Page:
3. Download NOOBS from www.raspberrypi.org/downloads, unzip and copy the files onto the SD card.  The NOOBS_v1_3_4.zip was only 1.27GB - much more compact than the images I used to download.
  4. Put the SD card into a Model B Raspberry Pi (because it has an Ethernet connector), connect to the WiFi Router via Ethernet, and fire up the Pi
  5. Insert the WiFi dongle (the Edimax appears to be the most recommended)
  6. Start the WiFi Config program on the Pi's desktop, click on the Scan button, and double-click the required network from the listed networks which have been found.
  7. Choose TKIP encryption, enter the WiFi Wireless Key code into PSK, then Add - that's it!
  8. Move both the Edimax dongle and the SD card to the PiBot's Pi (mine has a Model A Pi).
  9. Download PUTTY (I used this before in an earlier post) to the PC
  10. Download TightVNCViewer to the PC (again I used this before in earlier posts)
  11. On the Pi, do a sudo apt-get update, and sudo install tightvncserver
  12. Run tightvncserver by typing vncserver:1 (I used the same command as before - vncserver:1 -geometry 800x600 -depth24 - the extra attributes -geometry 800x600 specifies the size of desktop to be created - the default is 1024 x 768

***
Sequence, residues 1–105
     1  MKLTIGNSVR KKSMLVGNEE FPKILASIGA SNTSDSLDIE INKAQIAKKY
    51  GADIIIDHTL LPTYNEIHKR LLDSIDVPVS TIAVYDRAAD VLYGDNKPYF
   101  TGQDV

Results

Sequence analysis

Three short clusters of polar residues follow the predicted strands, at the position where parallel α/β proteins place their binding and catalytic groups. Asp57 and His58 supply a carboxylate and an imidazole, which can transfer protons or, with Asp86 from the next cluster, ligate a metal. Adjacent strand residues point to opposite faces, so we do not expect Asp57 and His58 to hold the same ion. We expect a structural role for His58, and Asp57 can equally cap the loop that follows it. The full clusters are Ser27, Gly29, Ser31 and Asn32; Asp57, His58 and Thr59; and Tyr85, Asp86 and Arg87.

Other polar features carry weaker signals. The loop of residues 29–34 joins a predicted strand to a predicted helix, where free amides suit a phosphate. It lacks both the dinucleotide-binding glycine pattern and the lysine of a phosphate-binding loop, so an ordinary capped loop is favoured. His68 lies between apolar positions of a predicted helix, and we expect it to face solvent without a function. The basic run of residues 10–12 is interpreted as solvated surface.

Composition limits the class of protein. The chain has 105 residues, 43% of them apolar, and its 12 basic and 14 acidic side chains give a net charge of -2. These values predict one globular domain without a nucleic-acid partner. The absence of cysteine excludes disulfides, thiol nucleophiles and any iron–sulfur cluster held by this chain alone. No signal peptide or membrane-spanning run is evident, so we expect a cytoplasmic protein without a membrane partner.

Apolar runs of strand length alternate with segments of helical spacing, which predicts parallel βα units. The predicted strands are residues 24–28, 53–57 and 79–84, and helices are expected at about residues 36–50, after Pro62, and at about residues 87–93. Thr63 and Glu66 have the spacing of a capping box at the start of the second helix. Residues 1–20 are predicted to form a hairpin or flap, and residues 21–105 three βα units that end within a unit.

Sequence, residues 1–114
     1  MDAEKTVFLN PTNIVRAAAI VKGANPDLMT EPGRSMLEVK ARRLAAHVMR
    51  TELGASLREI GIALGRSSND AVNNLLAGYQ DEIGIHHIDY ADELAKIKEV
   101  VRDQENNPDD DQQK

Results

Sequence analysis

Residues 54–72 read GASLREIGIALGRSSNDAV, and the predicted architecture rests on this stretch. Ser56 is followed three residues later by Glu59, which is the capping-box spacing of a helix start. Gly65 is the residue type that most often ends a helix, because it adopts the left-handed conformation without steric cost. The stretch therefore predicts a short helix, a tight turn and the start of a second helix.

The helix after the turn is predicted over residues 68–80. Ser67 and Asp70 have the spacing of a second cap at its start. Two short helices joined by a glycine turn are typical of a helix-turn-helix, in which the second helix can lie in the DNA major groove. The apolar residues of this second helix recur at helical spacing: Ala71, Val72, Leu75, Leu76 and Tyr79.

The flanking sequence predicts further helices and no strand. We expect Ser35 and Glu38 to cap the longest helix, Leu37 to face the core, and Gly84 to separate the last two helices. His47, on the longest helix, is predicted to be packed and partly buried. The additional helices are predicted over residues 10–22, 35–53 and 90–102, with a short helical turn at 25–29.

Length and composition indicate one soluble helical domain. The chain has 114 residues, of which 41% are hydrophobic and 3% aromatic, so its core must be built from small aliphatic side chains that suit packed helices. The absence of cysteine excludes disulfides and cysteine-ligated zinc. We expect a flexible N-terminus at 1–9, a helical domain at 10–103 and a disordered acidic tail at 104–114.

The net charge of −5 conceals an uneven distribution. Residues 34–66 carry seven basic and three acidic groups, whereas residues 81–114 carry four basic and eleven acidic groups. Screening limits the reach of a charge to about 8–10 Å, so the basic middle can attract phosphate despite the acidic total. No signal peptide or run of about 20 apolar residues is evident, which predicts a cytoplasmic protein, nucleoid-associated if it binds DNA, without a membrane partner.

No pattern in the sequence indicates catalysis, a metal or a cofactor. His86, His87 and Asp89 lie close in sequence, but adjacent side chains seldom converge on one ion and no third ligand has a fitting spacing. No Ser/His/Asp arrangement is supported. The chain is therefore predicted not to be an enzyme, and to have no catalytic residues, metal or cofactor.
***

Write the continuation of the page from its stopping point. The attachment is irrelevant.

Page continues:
-depth24 : 24 specifies the pixel depth in bits of the desktop to be created - the default is 16 and other possible values are 8, 15 and 24 - don't use anything else.
  13. Run  PUTTY and TightVNCViewer on the PC (you can save the VNC session for later convenience) and hey presto - we have the PiBot's Pi desktop running on the PC, through WiFi!!
  14. Download the driver for the USB to CP2102 TTL UART Converter from http://www.geeetech.com/Documents/CP2102%20USB%20Driver.rar, unzip, and run the installer file.
  15. Download the Arduino sketch for the Bot Board's Arduino from https://github.com/pi-oneers/bot-firmware and upload to the Bot Board via the UART Converter.
     
    Okay -  this brings us to the point where we can communicate with the PiBot from the PC over the WiFi network.  But we still need to fill the PiBot's brain with thoughts and intentions which make it do some proper robot stuff!!